The pay raises were also discussed in two press conferences earlier in the day, one led by Democrats and another led by Republicans. 

In the Republican press conference, Senate President Pro Tempore Phil Berger, R-Rockingham, said the Republican budget meets what the governor said he wanted. 

“What he said was a 10 percent raise over the course of two years. This budget has a 10 percent raise over the course of two years,” Berger said. “I don’t know anybody up here that got everything they wanted in the budget. And I think it’s problematic for the governor to think that just because he asked for something that it’s something we must do.” 

While the Republican budget might have an almost 10 percent raise (9.6 percent) over two years, House Minority Leader Darren Jackson, D-Wake, said that the governor’s plan would have spent more actual dollars on pay raises. He said that in the first year of the biennium, the governor would have invested $270 million while the Republican plan spends only about $100 million. In the second year, the governor would have spent $540 million while the Republicans will spend about $370 million. 

While the average salary increases look similar in both the governor’s budget and the General Assembly’s budget compromise, Jackson argued that because of how those pay raises are dispersed, the governor’s budget would have been far more favorable to teachers. The governor’s pay raises are more uniform for teachers. Jackson said the lowest raise under the governor’s proposal is more than 7 percent, while the lowest raise under the Republican’s proposal is under 1 percent.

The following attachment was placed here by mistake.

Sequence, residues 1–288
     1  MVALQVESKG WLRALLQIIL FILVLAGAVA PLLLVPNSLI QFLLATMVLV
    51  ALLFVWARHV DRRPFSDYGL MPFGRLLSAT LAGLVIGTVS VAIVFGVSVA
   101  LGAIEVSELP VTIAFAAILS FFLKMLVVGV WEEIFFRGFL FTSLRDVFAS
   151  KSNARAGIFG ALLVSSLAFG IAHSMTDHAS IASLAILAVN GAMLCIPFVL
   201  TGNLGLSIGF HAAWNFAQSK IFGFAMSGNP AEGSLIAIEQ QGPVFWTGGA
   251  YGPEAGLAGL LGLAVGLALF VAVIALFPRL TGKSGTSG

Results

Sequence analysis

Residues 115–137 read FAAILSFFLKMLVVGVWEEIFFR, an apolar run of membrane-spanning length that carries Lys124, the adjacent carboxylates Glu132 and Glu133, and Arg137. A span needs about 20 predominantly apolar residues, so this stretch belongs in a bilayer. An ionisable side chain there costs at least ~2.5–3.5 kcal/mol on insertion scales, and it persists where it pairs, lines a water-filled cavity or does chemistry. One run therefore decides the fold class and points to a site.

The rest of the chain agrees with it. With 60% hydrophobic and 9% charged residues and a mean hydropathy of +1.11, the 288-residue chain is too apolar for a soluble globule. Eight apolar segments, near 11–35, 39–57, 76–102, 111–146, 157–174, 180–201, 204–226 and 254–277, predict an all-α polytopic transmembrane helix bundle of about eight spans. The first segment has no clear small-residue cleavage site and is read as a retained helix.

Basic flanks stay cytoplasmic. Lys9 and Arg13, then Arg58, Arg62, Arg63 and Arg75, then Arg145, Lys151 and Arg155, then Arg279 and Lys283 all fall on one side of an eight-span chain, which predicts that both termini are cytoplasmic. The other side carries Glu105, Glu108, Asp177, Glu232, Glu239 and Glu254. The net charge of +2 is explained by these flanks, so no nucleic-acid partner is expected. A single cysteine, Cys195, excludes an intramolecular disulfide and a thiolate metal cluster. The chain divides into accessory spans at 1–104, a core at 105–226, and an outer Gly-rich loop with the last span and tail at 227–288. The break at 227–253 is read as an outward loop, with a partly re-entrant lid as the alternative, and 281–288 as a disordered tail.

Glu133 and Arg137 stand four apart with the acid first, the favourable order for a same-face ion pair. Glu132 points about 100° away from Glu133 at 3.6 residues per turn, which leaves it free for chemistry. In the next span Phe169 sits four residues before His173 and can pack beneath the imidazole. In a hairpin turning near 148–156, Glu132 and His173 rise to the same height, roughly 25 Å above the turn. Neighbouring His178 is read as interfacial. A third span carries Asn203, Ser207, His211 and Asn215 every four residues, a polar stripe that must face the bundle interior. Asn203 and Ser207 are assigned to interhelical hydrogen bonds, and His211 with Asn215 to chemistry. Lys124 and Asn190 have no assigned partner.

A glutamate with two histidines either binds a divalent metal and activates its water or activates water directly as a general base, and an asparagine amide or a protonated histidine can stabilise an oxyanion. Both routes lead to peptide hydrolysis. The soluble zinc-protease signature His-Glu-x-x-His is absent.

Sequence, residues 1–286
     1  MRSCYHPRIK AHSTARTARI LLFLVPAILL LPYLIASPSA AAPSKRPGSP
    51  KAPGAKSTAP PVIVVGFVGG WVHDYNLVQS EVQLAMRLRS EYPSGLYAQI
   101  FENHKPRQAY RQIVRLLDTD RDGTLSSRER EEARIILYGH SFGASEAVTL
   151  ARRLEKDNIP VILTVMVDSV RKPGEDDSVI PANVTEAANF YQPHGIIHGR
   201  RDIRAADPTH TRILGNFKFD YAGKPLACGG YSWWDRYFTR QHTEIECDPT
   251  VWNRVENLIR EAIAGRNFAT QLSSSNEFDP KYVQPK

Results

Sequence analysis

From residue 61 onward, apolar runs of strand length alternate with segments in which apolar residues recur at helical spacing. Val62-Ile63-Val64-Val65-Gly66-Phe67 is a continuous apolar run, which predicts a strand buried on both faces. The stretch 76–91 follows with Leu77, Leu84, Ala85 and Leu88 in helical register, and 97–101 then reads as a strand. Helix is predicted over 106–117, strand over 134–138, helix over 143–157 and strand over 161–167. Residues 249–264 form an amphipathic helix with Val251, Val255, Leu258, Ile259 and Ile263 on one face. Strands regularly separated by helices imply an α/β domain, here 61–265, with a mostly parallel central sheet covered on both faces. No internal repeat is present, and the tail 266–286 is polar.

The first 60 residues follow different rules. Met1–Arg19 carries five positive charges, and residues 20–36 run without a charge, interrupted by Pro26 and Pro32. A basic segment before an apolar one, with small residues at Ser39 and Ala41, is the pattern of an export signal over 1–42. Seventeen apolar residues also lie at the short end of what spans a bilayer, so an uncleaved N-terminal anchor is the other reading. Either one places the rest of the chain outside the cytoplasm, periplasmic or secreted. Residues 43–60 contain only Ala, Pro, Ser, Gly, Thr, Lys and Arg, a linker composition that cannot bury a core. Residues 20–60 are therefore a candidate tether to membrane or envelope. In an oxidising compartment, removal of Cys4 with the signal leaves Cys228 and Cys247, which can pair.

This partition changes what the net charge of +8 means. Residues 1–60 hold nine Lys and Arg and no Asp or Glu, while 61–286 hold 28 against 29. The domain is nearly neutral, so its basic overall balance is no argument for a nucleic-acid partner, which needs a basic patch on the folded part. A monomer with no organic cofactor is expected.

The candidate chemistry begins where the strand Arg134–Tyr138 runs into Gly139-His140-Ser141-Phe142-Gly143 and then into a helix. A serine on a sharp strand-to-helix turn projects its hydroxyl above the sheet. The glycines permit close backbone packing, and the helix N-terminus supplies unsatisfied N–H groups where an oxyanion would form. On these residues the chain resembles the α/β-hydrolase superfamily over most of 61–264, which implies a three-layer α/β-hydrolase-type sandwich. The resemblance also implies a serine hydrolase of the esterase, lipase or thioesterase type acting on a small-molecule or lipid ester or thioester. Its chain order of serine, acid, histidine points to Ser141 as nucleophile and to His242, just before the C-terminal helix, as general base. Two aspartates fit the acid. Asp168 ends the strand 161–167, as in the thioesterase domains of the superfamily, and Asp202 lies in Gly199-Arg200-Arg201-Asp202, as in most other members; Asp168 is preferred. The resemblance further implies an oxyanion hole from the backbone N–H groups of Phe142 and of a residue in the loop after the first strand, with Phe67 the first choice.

Meyer also called out $50 million for teacher bonuses in the budget compromise. The bonuses target specific teachers in different areas rather than the teaching profession as a whole. For example, the plan includes $25 million additional dollars for a bonus program, based on performance, that goes to the best 4th and 5th grade reading teachers and 4th and 8th grade math teachers. 

“While bonuses may help individual teachers, they won’t help keep teachers in the classroom,” Meyer said. 

He said that research shows that school-wide bonuses are the most effective, and he added that he guessed that teachers would prefer that the bonus money be used for salary increases.